"I don't think that being a strong person is about ignoring your emotions and fighting your feelings. Putting on a brave face doesn't mean you're a brave person. That's why everybody in my life knows everything that I'm going through. I can't hide anything from them. People need to realise that being open isn't the same as being weak."

- Taylor Swift

Saturday, August 27, 2016

It is four days til spring;
Already the sun has strength to it
(The rain is quite indignant)

Summer was a lifetime ago
And you are half a world away
In the autumn gloom you faded
I lost you to the winter chill

But it is almost spring, now
And my heart is full of wildflowers
In your tampering, I was tempered;
I bury my childhood with you.

One day, when you are an old man
You will think of summer
But I always dream of spring.

Saturday, August 20, 2016

treading lightly.

Now Playing: Clean by Taylor Swift (you're still all over me like a wine stained dress I can't wear anymore)

I try to tread lightly in this world.

I think people underestimate how much happiness and pain we can inflict in very short spaces of time; so I tried to tread lightly. I like to think that when my former partners think of me, if they think of me at all (and I give them total leave to forget about me entirely; blue hour romances by definition rarely outlive the sunrise) I hope they just think of me with a smile. Like damn, that was a crazy night. I have been hurt so badly by the careless, thoughtless actions of others that I try very hard not to do the same.

Minimizing drama isn't minimizing pain, by the way. If you've hurt me every man and his dog is going to know about it. But the reason why I was single was to spare myself some pain; I never seriously entertained ideas of commitment and I resent people who jump to that conclusion. But sometimes a good night is just a good night, and the leaving, the letting go - you should make that painless, for yourself, and yes, for the person you just met. You don't owe them anything but this.

It's so easy, by the way. I realized that as I got older. Intimacy gives one such power, it's so easy just to rip a fresh wound for the hell of it. It's easy to cut the people close to you without really realizing it. It's easy to let people fade out of memory without giving a thought about what scars you left, and whether they are still fresh.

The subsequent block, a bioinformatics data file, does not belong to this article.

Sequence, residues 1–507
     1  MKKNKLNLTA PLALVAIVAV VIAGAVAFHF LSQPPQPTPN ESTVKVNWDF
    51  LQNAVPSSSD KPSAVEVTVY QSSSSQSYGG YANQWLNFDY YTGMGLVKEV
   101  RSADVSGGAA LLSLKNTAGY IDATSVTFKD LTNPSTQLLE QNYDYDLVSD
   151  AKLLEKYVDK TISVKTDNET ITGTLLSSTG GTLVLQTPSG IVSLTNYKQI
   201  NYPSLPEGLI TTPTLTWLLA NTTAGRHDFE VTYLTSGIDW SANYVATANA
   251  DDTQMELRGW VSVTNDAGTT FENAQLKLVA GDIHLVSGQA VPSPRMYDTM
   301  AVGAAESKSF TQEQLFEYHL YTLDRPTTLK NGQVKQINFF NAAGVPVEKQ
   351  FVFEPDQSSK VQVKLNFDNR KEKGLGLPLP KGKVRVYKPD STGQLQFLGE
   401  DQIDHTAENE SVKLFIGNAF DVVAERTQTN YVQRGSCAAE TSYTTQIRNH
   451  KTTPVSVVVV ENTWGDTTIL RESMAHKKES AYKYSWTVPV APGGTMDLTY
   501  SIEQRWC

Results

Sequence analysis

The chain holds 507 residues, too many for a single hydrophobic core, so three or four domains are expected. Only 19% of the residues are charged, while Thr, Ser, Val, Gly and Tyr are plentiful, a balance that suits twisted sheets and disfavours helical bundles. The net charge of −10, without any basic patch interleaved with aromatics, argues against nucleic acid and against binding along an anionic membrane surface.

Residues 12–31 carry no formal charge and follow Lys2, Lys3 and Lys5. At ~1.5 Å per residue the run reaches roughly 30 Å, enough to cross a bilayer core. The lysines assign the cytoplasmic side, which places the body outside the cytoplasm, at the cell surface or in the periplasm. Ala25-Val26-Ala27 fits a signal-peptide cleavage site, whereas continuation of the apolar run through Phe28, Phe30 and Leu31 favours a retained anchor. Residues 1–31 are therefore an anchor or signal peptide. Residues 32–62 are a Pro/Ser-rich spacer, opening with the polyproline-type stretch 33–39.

Not pursuing someone seriously isn't the same as not taking someone seriously. I'm all for relationships that are not meant to stretch into the forever and always; but you have to keep in mind that no matter what happens or how you feel, they will continue. They will live on when you are not a part of their lives and if you don't want to be an active, physical presence, the least you can do is not be a ghost in the shadows.

I'm just feeling very vulnerable at the moment. In my younger and more vulnerable days I had such a cheerful attitude towards being young, being single, being reckless, of naively assuming that people took pleasure in good faith, that when someone cares about you, no matter how little, no matter how ephemeral, it at least meant they wouldn't actively hurt you.

Tuesday, August 02, 2016

Hi, I have a Gender Studies degree.

Now Playing: Drop the Game by Flume & Chet Faker (give me things that I wanted to know, tell me things that you've done) 

People think that because we all deal with gender and sex and sexuality on a daily basis, we all have a general idea of what we're talking about, and people who end up saying 'as a Gender Studies student...' are wankers.

But here is my defence of the humble Gender Studies student.